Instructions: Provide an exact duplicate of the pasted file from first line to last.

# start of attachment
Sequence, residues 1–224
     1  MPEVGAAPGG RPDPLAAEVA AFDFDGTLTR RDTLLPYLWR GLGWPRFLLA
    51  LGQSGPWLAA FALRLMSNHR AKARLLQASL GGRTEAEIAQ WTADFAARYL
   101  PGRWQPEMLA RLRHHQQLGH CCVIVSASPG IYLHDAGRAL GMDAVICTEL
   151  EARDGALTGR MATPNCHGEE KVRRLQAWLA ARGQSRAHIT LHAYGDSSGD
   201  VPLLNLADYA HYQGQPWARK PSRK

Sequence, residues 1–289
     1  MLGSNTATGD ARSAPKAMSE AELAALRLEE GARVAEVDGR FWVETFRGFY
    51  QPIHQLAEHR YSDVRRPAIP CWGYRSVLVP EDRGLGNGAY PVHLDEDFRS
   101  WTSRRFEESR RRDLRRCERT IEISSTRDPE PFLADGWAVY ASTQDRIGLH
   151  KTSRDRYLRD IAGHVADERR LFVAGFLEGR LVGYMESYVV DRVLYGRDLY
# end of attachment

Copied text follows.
Sequence, residues 1–224
     1  MPEVGAAPGG RPDPLAAEVA AFDFDGTLTR RDTLLPYLWR GLGWPRFLLA
    51  LGQSGPWLAA FALRLMSNHR AKARLLQASL GGRTEAEIAQ WTADFAARYL
   101  PGRWQPEMLA RLRHHQQLGH CCVIVSASPG IYLHDAGRAL GMDAVICTEL
   151  EARDGALTGR MATPNCHGEE KVRRLQAWLA ARGQSRAHIT LHAYGDSSGD
   201  VPLLNLADYA HYQGQPWARK PSRK

Sequence, residues 1–289
     1  MLGSNTATGD ARSAPKAMSE AELAALRLEE GARVAEVDGR FWVETFRGFY
    51  QPIHQLAEHR YSDVRRPAIP CWGYRSVLVP EDRGLGNGAY PVHLDEDFRS
   101  WTSRRFEESR RRDLRRCERT IEISSTRDPE PFLADGWAVY ASTQDRIGLH
   151  KTSRDRYLRD IAGHVADERR LFVAGFLEGR LVGYMESYVV DRVLYGRDLY